This adrenaline response is incredibly primal.  Every animal has this built into it’s brain.  And because it was developed for basic survival needs, it overrides any of the more superfluous mechanisms and patterns your body and brain may normally use.  For instance, following an adrenaline dump, you won’t be digesting anything.  Your body knows that if it’s putting energy toward breaking down that breakfast burrito, that’s energy it’s not putting toward keeping you alive for a couple more seconds.  And you can just forget about creative or logical thinking.  Symphony composition (or even good newsletter writing) will be impossible immediately following a tiger popping out of the trees in front of you.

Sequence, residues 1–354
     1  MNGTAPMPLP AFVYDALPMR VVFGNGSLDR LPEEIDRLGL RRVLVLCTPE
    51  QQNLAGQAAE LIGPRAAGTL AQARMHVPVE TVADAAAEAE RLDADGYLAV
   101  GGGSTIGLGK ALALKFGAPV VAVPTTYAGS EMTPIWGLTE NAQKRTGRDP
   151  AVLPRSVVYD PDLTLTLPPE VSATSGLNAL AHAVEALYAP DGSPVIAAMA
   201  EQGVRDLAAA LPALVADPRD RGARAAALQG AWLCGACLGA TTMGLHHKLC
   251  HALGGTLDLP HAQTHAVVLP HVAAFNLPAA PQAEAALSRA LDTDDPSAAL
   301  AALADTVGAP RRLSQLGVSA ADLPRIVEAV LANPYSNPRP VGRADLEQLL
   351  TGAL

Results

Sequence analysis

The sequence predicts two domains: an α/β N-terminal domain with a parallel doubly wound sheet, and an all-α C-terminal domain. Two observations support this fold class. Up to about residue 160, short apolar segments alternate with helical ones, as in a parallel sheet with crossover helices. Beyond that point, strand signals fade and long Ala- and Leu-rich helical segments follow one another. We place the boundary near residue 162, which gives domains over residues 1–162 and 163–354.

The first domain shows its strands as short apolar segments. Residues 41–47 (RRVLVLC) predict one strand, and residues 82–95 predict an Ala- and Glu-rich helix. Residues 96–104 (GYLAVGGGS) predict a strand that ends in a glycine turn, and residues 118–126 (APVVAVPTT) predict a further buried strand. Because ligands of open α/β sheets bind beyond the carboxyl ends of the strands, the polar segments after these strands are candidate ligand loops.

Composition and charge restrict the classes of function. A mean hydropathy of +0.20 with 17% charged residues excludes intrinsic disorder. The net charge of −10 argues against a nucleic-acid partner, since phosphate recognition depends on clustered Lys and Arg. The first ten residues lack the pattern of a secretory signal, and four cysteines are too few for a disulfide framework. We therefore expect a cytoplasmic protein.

Which is all well and good when you’re actually faced with a life-threatening situation.  But the thing is that most of the things that trigger an adrenaline dump in each of us these days is NOT life-threatening.  A fender-bender, or even a close call; someone jumping out from behind a door; a loud alarm clock; getting pulled over or getting in trouble at work; each of these (and many more) can trigger that pulse-racing, eyes wide open, muscles-tensed reaction.  So what do you do with all that energy?  That can make all the difference in the world.  That caffeine-like jolt is meant to be used for fighting, flying, or freezing, and often-times what happens instead is you get out of your car and exchange insurance information.  Or you laugh and go back to your desk.  Or you jump in the shower and get ready for work.  Our bodies get really mad at us when we do these things because they want to use that adrenaline for something super physical.  Sitting there shaking for a good long while is one option.  Going for a run or a long walk, or taking it out on a punching bag is a great way to burn through it.  If we don’t do anything hyper-physical, there’s a good chance we’ll get stuck in a trauma cycle, locked into fight, flight, or freeze mode.  Then, you’re in a constant state of elevated awareness, taking shallow breaths and not digesting that burrito.  And because your body doesn’t recognize that the trauma is over, it keeps pumping out adrenaline.  It’s a pretty sticky cycle to get stuck in, especially since this can last for years and years.